Dr. Mahmoud Elkasabi is a Sampling Statistician at The DHS Program. He joined The DHS Program in 2013 after earning his Ph.D in Survey Methodology from the University of Michigan at Ann Arbor, with a specialty in Survey Statistics and Sampling. Dr. Elkasabi is responsible for the sampling design for the DHS surveys as well as building sampling capacity in many countries, such as Ghana, Egypt, Nigeria, India, Malawi, Zambia, Bangladesh, and Afghanistan. Dr. Elkasabi likes to work closely with the sampling statisticians in different countries. In these win-win relationships, he shares his knowledge in sampling and gains new knowledge & experiences.

Dr. Tom Pullum directs the research program, including the analysis of DHS data beyond the country reports, such as the analytical studies, comparative reports, further analysis studies, and methodological reports. He also has overall responsibility for The DHS Fellows Program and workshops. Current interests include maternal mortality and the measurement of child vulnerability. A continuing effort is the adaptation of demographic methods to statistical frameworks and software. His work with DHS has included methodological reports on data quality. He joined the DHS staff in 2011, following a lengthy career in academia, primarily at the University of Texas at Austin. Dr. Pullum has a Ph.D. in sociology from the University of Chicago.

30 Mar 2016

Model Datasets to the Rescue

Have you ever wanted to start immediately working on a DHS dataset, but didn’t have a research topic? Or didn’t want to take the time to register for access? Well, The DHS Program now has the cure for all your data analysis woes!

The DHS Program has created model datasets so users can become familiar with datasets without having to register for access. These datasets have been created strictly for practice and do not represent any country’s actual data. Model datasets are based on the DHS 6 Questionnaire and Recode. They include data on all standard survey characteristics, as well as data on domestic violence, female genital cutting, adult and maternal mortality, and child labor.

You might be thinking, how can I use these datasets? Model datasets can be used for many different purposes, including:

  • Replicating standard final report tables
  • Practicing calculating complex indicators
  • Teaching statistical concepts and procedures

Team members from Nigeria participating in the 2016 Regional DHS/MIS Malaria Analysis Workshop

Recently, the model datasets were used in the 2016 Regional DHS/MIS Malaria Analysis Workshops in Uganda and Senegal. Since participants attending the workshop came from different countries with different DHS/MIS datasets, the curriculum and workshop exercises were standardized using the model datasets. After going through the model dataset examples, participants then worked with their country’s specific data to match numbers in the final report. This was a great way for facilitators to make sure everyone was mastering the skill before participants worked on their own country’s data.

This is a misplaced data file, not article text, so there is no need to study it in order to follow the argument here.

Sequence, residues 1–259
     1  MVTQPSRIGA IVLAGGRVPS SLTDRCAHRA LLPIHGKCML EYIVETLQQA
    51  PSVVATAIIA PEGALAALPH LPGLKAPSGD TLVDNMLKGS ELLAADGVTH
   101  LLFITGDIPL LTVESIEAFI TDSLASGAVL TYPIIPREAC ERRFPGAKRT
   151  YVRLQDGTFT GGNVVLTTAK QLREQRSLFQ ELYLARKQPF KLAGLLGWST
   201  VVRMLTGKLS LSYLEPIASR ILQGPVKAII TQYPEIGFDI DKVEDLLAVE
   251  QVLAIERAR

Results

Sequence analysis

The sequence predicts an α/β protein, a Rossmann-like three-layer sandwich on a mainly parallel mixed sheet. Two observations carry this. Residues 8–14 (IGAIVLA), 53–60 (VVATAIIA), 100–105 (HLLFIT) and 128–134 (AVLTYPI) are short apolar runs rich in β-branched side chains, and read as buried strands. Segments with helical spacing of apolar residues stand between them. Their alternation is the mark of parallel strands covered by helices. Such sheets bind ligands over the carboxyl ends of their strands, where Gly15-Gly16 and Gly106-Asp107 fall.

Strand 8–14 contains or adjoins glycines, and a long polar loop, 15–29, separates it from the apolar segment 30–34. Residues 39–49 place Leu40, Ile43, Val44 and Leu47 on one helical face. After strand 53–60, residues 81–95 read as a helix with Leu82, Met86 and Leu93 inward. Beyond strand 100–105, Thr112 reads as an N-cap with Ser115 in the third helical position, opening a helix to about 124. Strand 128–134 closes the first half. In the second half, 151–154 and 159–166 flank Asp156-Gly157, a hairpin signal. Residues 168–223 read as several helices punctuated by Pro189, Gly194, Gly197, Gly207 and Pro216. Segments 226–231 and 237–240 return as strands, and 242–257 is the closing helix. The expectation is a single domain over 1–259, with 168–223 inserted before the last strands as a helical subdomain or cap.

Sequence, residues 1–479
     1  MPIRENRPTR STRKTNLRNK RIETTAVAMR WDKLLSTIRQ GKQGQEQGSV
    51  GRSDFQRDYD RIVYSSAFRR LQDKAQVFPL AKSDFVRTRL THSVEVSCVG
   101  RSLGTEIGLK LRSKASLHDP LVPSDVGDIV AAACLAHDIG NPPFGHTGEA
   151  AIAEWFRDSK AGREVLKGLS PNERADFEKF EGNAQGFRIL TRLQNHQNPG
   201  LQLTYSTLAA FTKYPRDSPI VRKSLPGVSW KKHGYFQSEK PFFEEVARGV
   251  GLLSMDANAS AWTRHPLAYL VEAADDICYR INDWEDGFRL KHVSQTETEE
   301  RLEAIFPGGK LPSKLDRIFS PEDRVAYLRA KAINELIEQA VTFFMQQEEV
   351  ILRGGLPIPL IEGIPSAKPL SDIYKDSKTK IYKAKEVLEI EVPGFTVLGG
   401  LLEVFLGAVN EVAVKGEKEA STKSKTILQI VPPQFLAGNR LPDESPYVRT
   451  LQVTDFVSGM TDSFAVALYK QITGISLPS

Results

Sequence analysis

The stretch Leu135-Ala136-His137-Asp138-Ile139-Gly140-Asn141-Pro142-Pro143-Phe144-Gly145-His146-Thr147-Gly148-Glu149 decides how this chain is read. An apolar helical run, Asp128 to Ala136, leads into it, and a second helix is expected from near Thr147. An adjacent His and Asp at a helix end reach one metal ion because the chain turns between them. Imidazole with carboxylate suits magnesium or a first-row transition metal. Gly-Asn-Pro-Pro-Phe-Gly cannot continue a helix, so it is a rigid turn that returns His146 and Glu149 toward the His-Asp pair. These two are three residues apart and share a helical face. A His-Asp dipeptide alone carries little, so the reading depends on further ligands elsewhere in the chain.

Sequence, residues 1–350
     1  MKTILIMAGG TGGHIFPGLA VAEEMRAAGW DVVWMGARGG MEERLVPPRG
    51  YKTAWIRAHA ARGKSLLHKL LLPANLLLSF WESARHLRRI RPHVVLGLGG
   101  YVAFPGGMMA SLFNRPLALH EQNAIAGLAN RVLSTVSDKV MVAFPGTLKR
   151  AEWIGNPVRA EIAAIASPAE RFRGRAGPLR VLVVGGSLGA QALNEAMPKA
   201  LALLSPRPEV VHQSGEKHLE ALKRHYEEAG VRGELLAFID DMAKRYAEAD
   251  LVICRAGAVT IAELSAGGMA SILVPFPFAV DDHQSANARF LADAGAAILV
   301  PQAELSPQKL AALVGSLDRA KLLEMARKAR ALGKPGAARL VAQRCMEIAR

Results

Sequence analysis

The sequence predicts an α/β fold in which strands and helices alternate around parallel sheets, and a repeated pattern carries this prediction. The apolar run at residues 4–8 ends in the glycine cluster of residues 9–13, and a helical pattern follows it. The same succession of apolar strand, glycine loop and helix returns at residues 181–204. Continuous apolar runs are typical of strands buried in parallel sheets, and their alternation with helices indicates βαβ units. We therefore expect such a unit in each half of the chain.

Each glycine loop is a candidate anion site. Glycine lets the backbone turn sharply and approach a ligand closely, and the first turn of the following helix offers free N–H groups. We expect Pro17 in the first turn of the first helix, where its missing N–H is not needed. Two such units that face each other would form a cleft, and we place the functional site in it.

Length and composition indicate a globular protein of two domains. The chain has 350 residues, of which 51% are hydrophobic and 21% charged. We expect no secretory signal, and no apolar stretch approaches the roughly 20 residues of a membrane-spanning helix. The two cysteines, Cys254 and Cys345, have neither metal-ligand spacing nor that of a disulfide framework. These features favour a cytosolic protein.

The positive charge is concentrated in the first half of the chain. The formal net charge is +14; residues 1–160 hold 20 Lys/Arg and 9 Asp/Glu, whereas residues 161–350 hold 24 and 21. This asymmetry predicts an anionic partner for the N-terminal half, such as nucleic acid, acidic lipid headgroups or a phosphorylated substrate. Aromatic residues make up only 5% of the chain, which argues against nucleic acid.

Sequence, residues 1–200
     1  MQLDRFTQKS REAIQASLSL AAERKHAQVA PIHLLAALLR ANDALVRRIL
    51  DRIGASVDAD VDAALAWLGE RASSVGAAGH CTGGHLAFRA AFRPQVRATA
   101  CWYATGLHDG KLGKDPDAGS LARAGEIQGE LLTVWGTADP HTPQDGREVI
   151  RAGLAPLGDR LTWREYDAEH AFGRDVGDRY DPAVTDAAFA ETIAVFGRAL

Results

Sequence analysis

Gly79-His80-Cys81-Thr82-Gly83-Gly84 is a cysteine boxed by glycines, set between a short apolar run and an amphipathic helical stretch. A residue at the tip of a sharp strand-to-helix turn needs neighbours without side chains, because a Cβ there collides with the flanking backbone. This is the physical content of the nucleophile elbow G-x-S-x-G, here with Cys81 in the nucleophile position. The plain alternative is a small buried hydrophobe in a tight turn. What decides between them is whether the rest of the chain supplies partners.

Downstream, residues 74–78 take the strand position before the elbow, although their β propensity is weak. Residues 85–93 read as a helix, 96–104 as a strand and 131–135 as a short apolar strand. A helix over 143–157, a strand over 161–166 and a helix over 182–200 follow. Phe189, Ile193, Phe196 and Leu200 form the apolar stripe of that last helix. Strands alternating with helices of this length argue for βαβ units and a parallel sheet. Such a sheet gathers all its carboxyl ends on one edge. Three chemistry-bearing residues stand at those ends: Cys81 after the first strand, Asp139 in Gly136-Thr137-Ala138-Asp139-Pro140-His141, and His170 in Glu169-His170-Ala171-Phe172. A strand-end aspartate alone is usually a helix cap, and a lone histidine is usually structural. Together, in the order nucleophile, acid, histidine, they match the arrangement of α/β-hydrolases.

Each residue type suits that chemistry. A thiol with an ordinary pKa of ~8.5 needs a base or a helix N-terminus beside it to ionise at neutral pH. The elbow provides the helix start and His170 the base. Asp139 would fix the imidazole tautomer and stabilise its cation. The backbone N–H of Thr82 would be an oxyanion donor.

Model datasets have already had a starring role in our sampling and weighting tutorial videos. Future videos will also feature the model datasets, allowing users to follow along with the examples in the tutorial with their own statistical program.

Visit the Model Datasets page on The DHS Program website for more information. Users can pick and choose which data files to download, as well as download the full set of final report tables and sampling errors to check their work. Again, unlike datasets for specific surveys, users do not need to register in order to gain access.

If you have recently used the model datasets we want to hear from you! Comment below or email modeldatasets@dhsprogram.com to share your experiences with the model datasets or how you plan on using them in the future. You can also post questions about the model datasets on the User Forum.

22 Jul 2015

Linking DHS Data with Health Facility Data: Opportunities and Challenges

For 30 years, The DHS Program has asked women hundreds of questions about their utilization of various health care services, including family planning, antenatal and delivery care, vaccination and treatment of sick children, malaria treatment, and HIV prevention and treatment. In 1999, The DHS Program started collecting facility-level data through the Service Provision Assessment (SPA) survey. The SPA interviews providers and clients, takes stock of facility supplies and equipment, and observes provider-client consultations.  

© Ibou GUISSE/ANSD

© Ibou GUISSE/ANSD

Many people hoped that the two datasets would be easy to link for a deeper understanding of how people access services, the quality of services, and the association between access to services and health outcomes in a given country.  And because most recent DHS and SPA surveys are geo-coded (DHS since 2000 and SPA since 2009), that is, clusters and facilities are identified with their latitude and longitude, linking the data through a geographic information system should be easy, right?